10/14/2011 03:54 pm ET | Updated Dec 14, 2011

When the CEO Pioneers Profitable Design

Co-written with Peter Phillips

Apple, Nike, Virgin, BMW, Herman Miller and John Deere -- all these successful firms leverage design at the CEO level and accomplish this through top-level strategic design implementation. So what is it that prevents non design-driven corporations from taking full advantage of design? Why is design relegated to the director level, turning their investment in design into an uncoordinated shotgun approach? The traditional perception seems to be that design is not a competitive advantage and too expensive to integrate in-house. This perception persists, despite examples such as Apple, which spends about 3 percent on R&D, or half of the average amount spent in the computer industry, while, at the same time, redefining the entire industry's design.

The reason top CEOs miss huge opportunities to spin gold from design are that design and its contributions are still not clearly understood by CEOs. Market oriented companies see design as a branding exercise in expressing the brand, while technology focused companies perceive design's job to be that of making their products beautiful. In the case of design as a marketing tool, design expresses unrealistic claims, formulated by branding, as storytelling and styling. In the case of engineering, it is simply too unimportant, little and too late. In either case, design's contribution becomes comparable to putting lipstick on a pig.

How is it that CEOs lack a clear understanding of design? Most likely it is due to poor communication from the design profession itself and a lack of metrics to back up the value of their contribution with hard facts. When designers explain their work as "tapping into the unconscious," or providing "predictable magic", they are doing themselves a disservice. To communicate and receive respect from business, they need to speak the language of business.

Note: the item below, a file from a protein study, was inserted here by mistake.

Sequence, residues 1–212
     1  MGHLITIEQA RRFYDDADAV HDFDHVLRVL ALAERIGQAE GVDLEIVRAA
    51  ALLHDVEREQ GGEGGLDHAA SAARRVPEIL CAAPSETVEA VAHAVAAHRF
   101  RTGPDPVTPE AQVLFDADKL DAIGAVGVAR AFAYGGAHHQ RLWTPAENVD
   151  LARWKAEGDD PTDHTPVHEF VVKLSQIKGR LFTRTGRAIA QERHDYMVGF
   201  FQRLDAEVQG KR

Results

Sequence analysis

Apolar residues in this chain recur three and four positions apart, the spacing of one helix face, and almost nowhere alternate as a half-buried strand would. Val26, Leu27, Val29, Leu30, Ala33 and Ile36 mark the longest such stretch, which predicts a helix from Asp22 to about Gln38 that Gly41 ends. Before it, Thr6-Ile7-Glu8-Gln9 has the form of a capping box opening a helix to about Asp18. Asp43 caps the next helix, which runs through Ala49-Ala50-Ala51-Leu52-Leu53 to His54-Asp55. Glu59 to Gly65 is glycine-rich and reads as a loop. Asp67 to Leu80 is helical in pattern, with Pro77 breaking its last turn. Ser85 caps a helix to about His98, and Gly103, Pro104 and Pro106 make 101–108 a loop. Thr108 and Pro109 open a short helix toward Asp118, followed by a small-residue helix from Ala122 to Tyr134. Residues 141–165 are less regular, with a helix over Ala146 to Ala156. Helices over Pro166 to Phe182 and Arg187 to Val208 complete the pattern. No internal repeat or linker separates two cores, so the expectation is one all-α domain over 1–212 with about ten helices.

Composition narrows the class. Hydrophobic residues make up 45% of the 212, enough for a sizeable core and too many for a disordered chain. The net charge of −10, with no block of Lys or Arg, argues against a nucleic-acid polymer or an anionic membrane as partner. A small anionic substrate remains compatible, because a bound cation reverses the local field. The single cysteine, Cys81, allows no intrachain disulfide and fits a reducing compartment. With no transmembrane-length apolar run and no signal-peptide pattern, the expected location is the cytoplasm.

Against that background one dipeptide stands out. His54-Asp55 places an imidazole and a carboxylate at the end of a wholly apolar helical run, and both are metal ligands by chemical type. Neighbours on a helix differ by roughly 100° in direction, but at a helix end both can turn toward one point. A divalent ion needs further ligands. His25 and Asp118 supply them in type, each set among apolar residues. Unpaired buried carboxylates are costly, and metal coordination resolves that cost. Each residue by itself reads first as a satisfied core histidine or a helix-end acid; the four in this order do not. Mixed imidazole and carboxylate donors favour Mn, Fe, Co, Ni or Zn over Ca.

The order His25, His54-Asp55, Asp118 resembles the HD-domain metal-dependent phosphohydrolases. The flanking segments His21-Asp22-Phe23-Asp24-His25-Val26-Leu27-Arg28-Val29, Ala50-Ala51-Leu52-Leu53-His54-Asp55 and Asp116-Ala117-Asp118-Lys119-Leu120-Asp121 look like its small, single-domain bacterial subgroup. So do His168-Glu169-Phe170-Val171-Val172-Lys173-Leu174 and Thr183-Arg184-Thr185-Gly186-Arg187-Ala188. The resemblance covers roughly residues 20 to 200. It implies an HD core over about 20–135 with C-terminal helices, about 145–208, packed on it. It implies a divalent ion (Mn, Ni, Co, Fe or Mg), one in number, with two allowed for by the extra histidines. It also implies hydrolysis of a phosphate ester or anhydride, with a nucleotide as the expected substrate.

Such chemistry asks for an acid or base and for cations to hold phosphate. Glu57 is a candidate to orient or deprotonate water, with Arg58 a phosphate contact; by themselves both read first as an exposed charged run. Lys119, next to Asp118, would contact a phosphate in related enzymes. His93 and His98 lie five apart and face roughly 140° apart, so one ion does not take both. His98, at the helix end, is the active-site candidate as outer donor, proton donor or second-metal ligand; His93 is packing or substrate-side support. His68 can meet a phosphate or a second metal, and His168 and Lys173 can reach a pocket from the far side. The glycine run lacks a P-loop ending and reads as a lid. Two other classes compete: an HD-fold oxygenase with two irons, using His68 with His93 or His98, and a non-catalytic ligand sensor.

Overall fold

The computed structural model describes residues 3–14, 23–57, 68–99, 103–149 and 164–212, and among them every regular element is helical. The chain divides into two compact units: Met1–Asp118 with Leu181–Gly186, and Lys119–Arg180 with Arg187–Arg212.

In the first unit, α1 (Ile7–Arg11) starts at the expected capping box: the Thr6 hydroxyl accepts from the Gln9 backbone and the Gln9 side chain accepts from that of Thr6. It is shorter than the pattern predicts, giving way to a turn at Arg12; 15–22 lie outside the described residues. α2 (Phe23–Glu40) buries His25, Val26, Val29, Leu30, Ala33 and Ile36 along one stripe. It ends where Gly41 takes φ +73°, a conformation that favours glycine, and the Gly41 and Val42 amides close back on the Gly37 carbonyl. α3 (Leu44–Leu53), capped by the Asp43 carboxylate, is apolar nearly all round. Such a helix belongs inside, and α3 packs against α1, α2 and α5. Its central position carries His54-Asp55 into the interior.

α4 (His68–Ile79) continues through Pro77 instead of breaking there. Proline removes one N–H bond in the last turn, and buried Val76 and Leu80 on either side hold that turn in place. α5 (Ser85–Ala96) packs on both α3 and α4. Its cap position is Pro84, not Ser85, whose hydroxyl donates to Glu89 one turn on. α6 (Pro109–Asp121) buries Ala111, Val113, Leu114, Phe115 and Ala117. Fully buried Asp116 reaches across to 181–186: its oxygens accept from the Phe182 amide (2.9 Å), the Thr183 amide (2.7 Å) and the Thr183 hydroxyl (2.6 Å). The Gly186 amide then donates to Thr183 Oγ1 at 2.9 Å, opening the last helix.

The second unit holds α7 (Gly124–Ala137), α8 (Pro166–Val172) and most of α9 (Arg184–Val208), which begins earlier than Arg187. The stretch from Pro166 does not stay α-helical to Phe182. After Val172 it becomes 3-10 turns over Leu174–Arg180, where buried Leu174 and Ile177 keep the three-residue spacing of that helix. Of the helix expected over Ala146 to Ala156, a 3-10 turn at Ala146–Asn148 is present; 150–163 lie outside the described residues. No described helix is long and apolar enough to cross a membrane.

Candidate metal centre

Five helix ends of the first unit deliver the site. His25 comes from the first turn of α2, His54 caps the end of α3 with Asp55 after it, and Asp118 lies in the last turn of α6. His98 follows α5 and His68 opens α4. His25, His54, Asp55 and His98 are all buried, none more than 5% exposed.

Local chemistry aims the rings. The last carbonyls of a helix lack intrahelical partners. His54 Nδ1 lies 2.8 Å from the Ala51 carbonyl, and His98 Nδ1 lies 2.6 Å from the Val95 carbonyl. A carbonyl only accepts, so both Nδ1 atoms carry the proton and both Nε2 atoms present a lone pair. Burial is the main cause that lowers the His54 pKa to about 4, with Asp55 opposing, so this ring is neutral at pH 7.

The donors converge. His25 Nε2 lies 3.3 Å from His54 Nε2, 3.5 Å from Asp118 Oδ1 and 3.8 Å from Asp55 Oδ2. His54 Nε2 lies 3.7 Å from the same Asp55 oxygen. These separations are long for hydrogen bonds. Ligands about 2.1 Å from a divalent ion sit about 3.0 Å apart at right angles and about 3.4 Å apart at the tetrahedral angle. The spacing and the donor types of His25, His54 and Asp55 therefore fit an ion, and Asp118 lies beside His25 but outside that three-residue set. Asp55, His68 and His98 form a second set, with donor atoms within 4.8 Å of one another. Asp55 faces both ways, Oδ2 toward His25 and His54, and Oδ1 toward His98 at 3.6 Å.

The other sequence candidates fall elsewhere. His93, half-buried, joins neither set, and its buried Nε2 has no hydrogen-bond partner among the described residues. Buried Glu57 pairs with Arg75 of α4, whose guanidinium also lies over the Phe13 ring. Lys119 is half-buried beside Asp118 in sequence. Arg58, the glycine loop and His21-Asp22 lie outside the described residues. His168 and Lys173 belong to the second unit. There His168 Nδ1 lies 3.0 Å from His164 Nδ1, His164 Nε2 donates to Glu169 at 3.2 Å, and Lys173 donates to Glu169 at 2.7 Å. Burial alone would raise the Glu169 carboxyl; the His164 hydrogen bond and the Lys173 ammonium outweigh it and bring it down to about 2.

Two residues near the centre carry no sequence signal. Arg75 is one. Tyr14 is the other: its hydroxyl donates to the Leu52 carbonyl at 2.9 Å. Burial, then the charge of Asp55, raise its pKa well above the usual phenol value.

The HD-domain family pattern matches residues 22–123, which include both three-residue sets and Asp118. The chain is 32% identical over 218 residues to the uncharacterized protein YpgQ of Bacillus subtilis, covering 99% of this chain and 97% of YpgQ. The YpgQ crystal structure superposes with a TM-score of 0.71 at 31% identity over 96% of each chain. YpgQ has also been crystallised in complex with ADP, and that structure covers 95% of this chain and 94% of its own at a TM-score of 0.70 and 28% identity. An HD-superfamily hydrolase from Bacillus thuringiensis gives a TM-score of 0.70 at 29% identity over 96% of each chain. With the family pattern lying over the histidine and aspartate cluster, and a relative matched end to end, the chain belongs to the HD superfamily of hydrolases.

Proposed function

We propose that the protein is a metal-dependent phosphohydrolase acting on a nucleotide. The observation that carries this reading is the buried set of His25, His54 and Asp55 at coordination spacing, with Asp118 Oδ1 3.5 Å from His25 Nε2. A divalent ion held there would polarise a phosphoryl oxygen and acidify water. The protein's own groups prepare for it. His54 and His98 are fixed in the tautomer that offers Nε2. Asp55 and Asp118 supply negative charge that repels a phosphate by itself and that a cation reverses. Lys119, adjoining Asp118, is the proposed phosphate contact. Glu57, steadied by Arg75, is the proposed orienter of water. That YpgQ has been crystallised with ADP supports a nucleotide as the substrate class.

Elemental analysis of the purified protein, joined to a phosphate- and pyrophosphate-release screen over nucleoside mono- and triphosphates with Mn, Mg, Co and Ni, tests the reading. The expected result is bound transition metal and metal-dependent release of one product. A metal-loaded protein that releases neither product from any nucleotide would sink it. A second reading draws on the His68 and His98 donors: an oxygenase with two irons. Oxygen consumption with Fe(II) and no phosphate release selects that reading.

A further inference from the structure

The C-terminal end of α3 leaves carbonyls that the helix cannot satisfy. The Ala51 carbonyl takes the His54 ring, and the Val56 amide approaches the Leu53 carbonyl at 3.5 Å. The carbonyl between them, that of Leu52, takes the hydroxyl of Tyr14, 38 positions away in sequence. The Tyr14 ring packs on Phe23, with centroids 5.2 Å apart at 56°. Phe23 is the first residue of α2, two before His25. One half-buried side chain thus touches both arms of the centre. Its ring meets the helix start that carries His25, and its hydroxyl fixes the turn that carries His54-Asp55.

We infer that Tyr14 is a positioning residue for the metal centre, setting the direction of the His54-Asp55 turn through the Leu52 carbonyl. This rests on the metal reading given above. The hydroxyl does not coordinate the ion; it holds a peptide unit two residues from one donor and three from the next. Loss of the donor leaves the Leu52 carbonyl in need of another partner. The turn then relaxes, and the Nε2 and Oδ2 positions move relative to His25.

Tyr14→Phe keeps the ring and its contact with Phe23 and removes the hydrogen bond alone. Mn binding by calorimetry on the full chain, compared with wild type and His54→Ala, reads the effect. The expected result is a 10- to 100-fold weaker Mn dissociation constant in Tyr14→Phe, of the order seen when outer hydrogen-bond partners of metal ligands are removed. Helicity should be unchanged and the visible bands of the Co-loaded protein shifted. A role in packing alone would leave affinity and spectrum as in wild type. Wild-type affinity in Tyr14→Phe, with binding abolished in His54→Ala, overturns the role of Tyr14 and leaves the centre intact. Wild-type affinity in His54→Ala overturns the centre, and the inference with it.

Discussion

So, how will the CEO know that design actually delivers on its promises? Engineering and marketing can both measure their performance and back up their claims with data from calculations, simulations, tests and studies. So, when a new product fails in the market, they can clearly show that they did their job and then point their fingers at design, since designers are unskilled at defending themselves.

Since, currently, around thirty to forty-one percent of all new products fail, design is consistently shown at a clear disadvantage.

The answer is:

• Make design a part of the company culture
• Select the right design team if external have a competent internal design specialist